Wireless Fidelity. Ah yes, WiFi. God Bless the inventors of WiFi, who shall not be named because I don’t know who they are for the life of me (but I’m sure I can Google it). What really matters is the fact that WiFi is as vital a part of most Smartphone, tablet and computer user’s life as is water to a goldfish. And that’s vital. With all the attention to privacy, security, the NSA, the GCHQ in the UK, Edward Snowden, Wikileaks, and the list goes on and on and on. All these things are what brings me to the topic of this post. Our devices that we use to access the internet are so important to us and so widely used that we often forget the ramifications and risks of their use. WiFi, in all of its wondrous glory, has a downside or two. When we use WiFi, we typically access it via a secure or unsecure network. Usually when we are in coffee shops we access the internet via AT&T or T-Mobile WiFi HotSpots and viola we are connected. But at what cost? The cost of our privacy often times because these unsecure networks also allow criminals and organizations to access and see our data. Such a shame that a thing like WiFi can leave us vulnerable to lack of privacy.
That is where the developer Chainfire, comes in. Chainfire admits that the government can access and track our location and data through the WiFi radio transmitter on our phones. Not a nice thought. Chainfire recently posted on their Google+ page that they have released a proof-of-concept app, Pry-Fi, to help protect you while you use various WiFi locations. How does it work? Well, it randomizes the MAC address on your device of course. This makes it where trackers and methods of invasion can’t determine your location and data your WiFi radio is giving off. This is great news for the ones that want to leave their WiFi radio on all the time like I do. I have mine on because my cellular carrier has a free WiFi calling and text plan. Having WiFi on constantly makes it where I can always ensure I have a strong signal to receive texts, calls and data as long as I’m close to WiFi. The following is an excerpt from Chainfire’s release message.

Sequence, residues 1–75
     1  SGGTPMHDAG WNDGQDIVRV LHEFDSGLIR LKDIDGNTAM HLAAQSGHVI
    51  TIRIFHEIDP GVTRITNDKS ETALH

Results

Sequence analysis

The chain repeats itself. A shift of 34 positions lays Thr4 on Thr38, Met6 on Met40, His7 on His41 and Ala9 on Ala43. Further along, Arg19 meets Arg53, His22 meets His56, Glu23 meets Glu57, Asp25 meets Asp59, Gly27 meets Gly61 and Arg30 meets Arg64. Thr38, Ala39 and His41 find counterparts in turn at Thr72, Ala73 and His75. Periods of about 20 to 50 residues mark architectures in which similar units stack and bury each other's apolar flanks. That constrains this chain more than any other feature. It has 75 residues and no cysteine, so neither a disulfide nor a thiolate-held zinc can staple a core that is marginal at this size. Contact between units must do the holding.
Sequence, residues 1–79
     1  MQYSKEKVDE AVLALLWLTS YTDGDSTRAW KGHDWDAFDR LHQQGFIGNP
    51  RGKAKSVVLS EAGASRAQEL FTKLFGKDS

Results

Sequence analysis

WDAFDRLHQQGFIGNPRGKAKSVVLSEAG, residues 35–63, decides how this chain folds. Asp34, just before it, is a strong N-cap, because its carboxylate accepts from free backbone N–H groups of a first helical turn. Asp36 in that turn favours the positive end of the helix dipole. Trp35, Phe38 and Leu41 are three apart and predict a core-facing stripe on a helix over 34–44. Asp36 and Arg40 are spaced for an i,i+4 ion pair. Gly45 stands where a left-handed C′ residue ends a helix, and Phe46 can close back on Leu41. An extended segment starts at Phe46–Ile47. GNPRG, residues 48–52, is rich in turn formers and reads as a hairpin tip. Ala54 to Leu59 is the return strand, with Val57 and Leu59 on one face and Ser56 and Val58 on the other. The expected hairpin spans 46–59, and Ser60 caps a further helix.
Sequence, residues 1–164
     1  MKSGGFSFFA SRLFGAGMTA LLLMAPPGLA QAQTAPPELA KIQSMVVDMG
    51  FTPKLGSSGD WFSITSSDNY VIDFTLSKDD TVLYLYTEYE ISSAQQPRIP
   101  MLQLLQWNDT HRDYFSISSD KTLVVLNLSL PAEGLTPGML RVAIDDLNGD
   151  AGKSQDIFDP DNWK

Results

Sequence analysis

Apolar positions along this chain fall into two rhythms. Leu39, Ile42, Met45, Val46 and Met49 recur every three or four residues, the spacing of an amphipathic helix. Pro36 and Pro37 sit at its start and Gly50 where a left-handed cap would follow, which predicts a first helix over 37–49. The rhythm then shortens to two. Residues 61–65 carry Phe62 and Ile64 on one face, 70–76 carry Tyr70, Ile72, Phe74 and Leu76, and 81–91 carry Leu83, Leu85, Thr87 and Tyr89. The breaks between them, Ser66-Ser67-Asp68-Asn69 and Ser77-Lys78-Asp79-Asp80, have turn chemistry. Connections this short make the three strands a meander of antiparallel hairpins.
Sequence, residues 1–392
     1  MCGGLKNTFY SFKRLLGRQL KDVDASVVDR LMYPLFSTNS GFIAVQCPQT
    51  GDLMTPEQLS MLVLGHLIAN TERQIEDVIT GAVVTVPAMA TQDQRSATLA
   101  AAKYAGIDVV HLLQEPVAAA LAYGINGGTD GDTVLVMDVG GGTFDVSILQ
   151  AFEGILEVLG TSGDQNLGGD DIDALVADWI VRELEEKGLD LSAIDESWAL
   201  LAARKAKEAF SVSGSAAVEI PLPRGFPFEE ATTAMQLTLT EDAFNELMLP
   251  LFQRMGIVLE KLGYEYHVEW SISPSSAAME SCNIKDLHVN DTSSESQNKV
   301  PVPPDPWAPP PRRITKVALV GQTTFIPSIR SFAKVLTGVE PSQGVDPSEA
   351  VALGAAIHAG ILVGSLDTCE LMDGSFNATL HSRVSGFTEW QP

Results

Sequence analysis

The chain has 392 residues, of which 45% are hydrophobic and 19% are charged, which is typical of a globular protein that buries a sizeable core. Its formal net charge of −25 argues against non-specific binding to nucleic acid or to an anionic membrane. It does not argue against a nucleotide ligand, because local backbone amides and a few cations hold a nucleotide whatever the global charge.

“Pry-Fi will prevent your device from announcing all the networks it knows to the outside world, but it will still allow background scanning and automatically connecting to Wi-Fi networks. While you are not connected to a Wi-Fi network, the MAC address will constantly be pseudo-randomized, following a pattern that still makes the trackers think you are a real person, but they will not encounter your MAC address again. This will slowly poison their tracking database with useless information.”
Now before you run out and expect this app to run perfectly, just understand that it is in a proof-of-concept stage and therefore may have a bug or two that you should report. But otherwise test it out if you are interested and leave your feedback about it in the comment section below.
Source: Android Beat